An estimation of the total wind turbine received sound pressure level is shown in figure 9, for both ground types. A (relative) spectrum is considered to allow balancing the importance of the different octave bands, as they behave quite differently during propagation across the valley. To perform this analysis, the mean over a large set of spectral source power level measurements near large horizontal-axis wind turbines with a power production of more than 2 MW, as reported in [15], is used. This spectrum is repeated in appendix B.

When assuming a total sound power level of 105 dBA, the 35 dBA broadband exposure level (i.e. −70 dBA in figure 9) below which negative noise-related effects are not expected (see Introduction) is predicted after 240 m (28°, relative to the interface between the ridge and valley segments) and 662 m (76°) propagation across the valley, for grass-covered and rigid ground, respectively. Note that these predicted distances involve a single wind turbine only; a series of wind turbines positioned on a ridge would be common practice, however.

Note that, in this assessment, the specific noise emission characteristics of wind turbines located on ridges is not included, neither are the complex wind fields that might be expected at such locations. In a strongly simplified approach, a logarithmic wind speed profile (homogeneous atmosphere) is assumed following the valley terrain, using an aerodynamic roughness length of 0.05 m and a friction velocity of 0.4 m s^{−1}. Atmospheric absorption [37] is modelled assuming an air temperature of 10°C, a relative humidity of 70% and an atmospheric pressure of 101 300 Pa. The frequency range considered includes the octave band with centre frequency 2 kHz. For reasons of computational efficiency, the very time-consuming sound propagation calculations for the 2 kHz octave band were not performed (and the 1 kHz band results were recycled). This is justified by the fact that atmospheric absorption becomes pronounced at these higher frequencies and source power levels start to drop; a more accurate assessment of the propagation at this band would, therefore, only slightly increase accuracy when assessing total noise exposure levels from the wind turbine.

## 6. Conclusion

A hybrid analytical–CM–GFPE methodology is presented to model sound propagation from a ridge-mounted wind turbine, represented here by an elevated point source above the ridge, across an adjacent valley. The hybrid method relies on an analytical solution for sound diffraction around an impedance cylinder and the CM–GFPE technique. The geometry is simplified to a convex segment with a small radius, representing the ridge, followed by a large-radius concave circular segment, representing the valley. The hybrid model overcomes issues such as the unrealistic positioning of the source that would otherwise result from the CM approach, and the general angle limitation of the PE method. Various aspects of the model were successfully validated by means of cross-validations against other numerical or analytical techniques. Calculation examples show the complex sound pressure level distribution in such a ridge–valley geometry. At the source side of the valley, noise shielding from a (single) wind turbine is predicted. Starting from the centre of the valley, near-free-field sound propagation is observed at all octave bands for the rigid ground case, while there is a strong level reduction along a grass-covered valley. Although wind speed profiles were highly idealized in this work, the calculation methodology has the potential to include the effect of refraction and turbulent scattering as a result of the complex flow fields that might be associated with such a wind turbine placement.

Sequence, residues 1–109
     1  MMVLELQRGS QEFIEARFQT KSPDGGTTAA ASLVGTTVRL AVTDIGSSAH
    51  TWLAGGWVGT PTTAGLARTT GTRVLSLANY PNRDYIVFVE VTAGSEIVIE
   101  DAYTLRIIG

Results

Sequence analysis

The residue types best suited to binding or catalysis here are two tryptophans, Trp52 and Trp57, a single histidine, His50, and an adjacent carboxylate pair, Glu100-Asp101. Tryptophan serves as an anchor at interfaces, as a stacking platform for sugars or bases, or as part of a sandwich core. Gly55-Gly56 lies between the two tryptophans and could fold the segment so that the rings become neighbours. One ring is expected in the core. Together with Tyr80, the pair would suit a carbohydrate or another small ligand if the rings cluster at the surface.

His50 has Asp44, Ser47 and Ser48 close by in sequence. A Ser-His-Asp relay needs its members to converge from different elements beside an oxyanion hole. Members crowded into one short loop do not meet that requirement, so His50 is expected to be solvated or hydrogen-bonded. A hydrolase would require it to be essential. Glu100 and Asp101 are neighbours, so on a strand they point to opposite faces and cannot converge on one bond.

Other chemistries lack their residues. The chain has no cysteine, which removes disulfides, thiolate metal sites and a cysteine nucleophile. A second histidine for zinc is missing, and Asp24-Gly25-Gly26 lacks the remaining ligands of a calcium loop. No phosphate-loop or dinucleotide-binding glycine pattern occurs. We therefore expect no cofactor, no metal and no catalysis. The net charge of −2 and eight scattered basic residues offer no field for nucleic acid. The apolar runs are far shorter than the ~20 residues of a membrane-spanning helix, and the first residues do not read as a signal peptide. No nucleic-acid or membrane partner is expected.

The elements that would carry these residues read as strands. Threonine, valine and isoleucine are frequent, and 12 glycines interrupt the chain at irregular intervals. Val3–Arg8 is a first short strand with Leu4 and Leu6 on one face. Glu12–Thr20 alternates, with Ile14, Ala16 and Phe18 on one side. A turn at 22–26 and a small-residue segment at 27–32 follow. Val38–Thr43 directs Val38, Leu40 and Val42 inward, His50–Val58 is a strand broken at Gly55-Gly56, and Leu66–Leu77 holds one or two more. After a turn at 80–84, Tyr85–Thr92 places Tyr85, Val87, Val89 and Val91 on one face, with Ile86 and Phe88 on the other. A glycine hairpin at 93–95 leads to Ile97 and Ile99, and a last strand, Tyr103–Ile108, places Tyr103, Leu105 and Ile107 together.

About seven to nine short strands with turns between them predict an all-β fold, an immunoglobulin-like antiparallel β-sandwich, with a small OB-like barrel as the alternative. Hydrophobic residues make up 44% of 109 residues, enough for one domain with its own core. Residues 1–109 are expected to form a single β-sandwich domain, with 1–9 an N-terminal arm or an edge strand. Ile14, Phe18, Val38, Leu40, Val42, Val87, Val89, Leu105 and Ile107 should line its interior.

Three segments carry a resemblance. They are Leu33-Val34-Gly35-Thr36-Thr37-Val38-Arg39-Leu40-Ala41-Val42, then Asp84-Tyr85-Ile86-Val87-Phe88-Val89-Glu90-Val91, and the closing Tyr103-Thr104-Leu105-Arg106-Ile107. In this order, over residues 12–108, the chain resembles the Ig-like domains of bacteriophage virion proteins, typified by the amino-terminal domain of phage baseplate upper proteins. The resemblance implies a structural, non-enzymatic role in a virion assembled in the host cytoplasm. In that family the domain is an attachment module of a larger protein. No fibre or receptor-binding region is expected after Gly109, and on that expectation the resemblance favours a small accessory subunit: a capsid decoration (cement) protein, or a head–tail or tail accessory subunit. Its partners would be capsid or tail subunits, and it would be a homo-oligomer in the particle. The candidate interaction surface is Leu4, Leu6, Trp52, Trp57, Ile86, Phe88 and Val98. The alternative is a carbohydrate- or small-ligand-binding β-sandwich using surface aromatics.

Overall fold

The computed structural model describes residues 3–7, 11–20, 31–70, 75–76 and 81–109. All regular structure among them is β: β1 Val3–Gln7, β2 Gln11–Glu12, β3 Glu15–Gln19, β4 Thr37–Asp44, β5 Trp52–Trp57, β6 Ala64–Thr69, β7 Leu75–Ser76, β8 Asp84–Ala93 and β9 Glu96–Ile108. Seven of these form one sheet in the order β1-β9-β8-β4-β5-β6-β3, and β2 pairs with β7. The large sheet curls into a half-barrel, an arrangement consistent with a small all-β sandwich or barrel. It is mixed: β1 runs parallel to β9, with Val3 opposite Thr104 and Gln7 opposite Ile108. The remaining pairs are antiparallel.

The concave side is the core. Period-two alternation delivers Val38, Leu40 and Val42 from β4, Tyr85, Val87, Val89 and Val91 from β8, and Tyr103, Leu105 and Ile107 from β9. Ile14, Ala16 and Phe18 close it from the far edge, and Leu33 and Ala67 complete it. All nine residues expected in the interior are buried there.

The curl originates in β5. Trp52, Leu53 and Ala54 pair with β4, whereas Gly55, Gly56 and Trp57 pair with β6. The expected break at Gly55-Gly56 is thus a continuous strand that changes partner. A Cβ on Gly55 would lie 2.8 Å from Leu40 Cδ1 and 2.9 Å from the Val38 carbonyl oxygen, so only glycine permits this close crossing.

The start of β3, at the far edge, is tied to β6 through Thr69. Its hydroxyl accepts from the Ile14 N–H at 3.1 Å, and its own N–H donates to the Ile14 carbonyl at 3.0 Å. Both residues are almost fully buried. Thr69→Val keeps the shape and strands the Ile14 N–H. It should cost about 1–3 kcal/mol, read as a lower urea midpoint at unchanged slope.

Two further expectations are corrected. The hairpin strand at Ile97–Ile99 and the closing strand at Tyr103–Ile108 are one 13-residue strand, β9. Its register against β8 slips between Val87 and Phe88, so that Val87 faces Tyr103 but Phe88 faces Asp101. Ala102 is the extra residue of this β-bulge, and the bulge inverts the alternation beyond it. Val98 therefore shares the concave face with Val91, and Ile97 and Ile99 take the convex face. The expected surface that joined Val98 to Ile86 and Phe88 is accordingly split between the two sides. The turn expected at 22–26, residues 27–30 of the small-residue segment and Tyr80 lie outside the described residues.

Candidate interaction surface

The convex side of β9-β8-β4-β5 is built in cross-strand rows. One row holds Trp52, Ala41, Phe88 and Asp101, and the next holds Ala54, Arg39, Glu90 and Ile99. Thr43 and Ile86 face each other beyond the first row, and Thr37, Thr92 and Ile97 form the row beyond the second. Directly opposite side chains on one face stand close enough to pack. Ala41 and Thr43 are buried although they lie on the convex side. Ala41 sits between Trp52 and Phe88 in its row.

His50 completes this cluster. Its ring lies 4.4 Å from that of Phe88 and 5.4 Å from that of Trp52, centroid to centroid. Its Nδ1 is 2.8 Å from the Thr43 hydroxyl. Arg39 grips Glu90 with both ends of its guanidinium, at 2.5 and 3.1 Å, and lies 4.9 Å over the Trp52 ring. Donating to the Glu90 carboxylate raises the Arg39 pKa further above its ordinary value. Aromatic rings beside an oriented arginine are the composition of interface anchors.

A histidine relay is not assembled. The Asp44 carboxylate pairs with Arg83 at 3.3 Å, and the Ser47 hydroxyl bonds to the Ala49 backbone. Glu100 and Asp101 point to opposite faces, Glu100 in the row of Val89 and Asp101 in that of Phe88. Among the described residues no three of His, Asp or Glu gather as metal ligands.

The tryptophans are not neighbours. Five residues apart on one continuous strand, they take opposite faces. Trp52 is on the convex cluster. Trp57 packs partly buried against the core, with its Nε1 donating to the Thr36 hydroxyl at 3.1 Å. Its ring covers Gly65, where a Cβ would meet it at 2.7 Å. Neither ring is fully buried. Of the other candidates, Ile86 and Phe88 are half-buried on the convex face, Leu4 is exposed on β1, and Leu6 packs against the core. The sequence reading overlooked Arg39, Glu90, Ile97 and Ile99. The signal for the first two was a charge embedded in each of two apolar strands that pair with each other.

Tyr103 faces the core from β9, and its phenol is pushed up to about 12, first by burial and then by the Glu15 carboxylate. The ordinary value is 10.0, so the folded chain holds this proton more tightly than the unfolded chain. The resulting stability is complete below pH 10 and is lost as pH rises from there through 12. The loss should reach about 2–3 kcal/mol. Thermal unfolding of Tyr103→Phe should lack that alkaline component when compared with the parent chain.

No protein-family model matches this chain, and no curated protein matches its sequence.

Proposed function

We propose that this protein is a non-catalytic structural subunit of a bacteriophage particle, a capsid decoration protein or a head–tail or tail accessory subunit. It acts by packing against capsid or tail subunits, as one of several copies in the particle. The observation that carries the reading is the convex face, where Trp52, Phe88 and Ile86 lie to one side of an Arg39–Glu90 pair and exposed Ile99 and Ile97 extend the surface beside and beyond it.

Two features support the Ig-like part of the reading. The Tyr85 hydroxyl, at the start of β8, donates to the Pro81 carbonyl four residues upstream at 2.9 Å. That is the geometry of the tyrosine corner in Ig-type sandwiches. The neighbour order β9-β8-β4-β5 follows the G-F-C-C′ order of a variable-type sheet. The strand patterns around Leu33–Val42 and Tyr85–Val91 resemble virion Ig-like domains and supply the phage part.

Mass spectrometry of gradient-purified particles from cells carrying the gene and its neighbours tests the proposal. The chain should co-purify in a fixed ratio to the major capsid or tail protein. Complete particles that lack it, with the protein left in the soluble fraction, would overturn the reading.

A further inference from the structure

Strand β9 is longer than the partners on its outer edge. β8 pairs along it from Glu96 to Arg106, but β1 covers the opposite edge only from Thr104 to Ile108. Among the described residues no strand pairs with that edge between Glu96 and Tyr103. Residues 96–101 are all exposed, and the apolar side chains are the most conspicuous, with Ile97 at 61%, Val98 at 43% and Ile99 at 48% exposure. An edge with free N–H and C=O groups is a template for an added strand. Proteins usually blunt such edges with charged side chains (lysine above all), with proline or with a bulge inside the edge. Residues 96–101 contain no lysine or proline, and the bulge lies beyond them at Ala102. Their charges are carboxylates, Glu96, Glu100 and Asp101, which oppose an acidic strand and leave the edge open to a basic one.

## Competing interests

I have no competing interests.

## Funding

I received no funding for this study.

## Acknowledgement

I am grateful to Dr Andrew Bullmore for proofreading the manuscript.

## Appendix A. Analytical solution for coherent line source diffraction around an impedance cylinder

The total pressure *p* at point P, at a (radial) distance *R* relative to the origin of the cylinder, emitted by a coherent line source at point Q, parallel to the cylinder axis and at a distance *R*_{q} from the origin of the cylinder, consists of the direct contribution from Q to P (=*p*_{d}), and the scattered sound pressure (=*p*_{s}) [33] (see figure 10):
A 1
The direct contribution is calculated as follows (assuming a unity-amplitude source):
A 2
Calculating the scattered field is somewhat more involved, and needs the following summation:
A 3
with
A 4

The term *a _{m}* in equation (A 3) is calculated as follows:
A 5

The derivatives of the Bessel and Hankel functions, with respect to their arguments, can be calculated using the following expressions: A 6 and A 7

In the equations above, *k*_{0} is the wavenumber, *a* the cylinder radius, *θ* the angle between source and receiver, the Hankel function of *m*th order and second kind, *J _{m}* the Bessel function of order

*m*and

*Z*the (normalized) locally reacting surface impedance of the cylinder.

## Appendix B. Wind turbine source power spectrum

The source power level spectrum depicted in figure 11 was used to calculate total A-weighted exposure levels. This spectrum is the average based on a large number of measurements near horizontal-axis wind turbines with a power production of more than 2 MW, as reported by Søndergaard [15].

## Footnotes

One contribution of 11 to a theme issue ‘Wind energy in complex terrains’.

- Received June 17, 2016.
- Accepted September 29, 2016.

- © 2017 The Author(s)

Published by the Royal Society. All rights reserved.